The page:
Choosing an Adhesive That Really “Sticks”
Adhesive dentistry has permeated into all aspects of direct and indirect restorative dentistry. This has marked a huge advance in dentistry from preservation of tooth structure with minimally invasive dentistry, to the ability to save a tooth with little remaining tooth structure.
Improvements have been made from one generation of dental adhesive to the next. The fourth generation of adhesives is often referred to as the “gold standard” due to its strong enamel and dentin bond strengths and versatility; however, its drawback was that it consisted of a multi-bottle kit with a thick instruction manual. Every generation after that has aimed at reducing the number of components as well as the time taken to place the adhesive. With the exception of the fifth generation adhesive, all other generations achieved an easier-to-use product, but often compromised the procedure with lower bond strengths, degradation of the bond over time, and less versatility.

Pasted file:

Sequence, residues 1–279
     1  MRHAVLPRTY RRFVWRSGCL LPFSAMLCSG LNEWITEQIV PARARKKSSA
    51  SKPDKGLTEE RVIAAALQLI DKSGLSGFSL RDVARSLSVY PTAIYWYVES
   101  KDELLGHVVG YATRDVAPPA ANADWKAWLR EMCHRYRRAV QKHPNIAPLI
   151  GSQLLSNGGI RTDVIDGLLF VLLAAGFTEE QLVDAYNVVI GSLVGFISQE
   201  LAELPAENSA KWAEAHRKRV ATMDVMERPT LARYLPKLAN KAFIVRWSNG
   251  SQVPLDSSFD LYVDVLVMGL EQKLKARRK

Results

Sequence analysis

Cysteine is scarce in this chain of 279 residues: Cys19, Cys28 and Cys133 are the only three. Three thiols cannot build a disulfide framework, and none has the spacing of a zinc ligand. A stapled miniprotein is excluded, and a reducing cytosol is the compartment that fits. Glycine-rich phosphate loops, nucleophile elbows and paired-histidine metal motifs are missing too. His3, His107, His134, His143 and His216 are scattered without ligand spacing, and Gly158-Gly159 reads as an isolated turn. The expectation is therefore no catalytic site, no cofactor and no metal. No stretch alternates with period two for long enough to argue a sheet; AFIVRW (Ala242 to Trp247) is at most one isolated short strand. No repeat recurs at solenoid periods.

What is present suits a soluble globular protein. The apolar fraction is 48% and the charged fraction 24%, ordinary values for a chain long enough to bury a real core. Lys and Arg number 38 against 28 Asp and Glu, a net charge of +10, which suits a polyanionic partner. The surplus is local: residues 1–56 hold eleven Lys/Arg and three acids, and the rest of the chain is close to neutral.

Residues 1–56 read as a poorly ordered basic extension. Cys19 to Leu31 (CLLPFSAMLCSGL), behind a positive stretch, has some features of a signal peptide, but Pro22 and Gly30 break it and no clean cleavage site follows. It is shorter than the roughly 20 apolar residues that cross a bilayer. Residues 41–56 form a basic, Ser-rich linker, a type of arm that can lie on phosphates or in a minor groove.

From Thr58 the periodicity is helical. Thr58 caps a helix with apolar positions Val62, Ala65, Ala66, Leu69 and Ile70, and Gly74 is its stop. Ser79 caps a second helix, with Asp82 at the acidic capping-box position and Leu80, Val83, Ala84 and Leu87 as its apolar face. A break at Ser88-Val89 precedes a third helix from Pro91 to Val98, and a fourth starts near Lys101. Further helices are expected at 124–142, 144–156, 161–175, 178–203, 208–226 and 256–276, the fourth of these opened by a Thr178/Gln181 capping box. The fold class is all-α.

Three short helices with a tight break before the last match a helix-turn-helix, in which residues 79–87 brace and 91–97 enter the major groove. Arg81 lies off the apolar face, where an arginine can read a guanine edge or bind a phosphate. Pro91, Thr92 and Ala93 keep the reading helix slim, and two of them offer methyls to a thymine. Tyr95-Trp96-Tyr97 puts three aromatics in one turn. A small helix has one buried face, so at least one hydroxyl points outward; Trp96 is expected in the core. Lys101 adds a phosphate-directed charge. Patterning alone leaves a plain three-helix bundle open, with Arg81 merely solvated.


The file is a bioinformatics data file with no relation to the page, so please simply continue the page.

It should be noted that the application of the dental adhesive comes after the acidic treatment of the smear layer. The smear layer is produced by the accumulation of tooth and bacterial debris caused by the preparation of the tooth. This layer can cover much of the dentin surface, collagen fibers, and dentinal tubules, all elements critical to a successful, long-lasting bond. Total-etch techniques using phosphoric acid removes the smear layer, exposing the dentin, collagen fibers, and dentinal tubules to receive the adhesive. Self-etch techniques vary greatly in their ability to remove any of the smear layer and their lack of effectiveness on uncut enamel required that you acid etch enamel before proceeding with the self-etch procedure.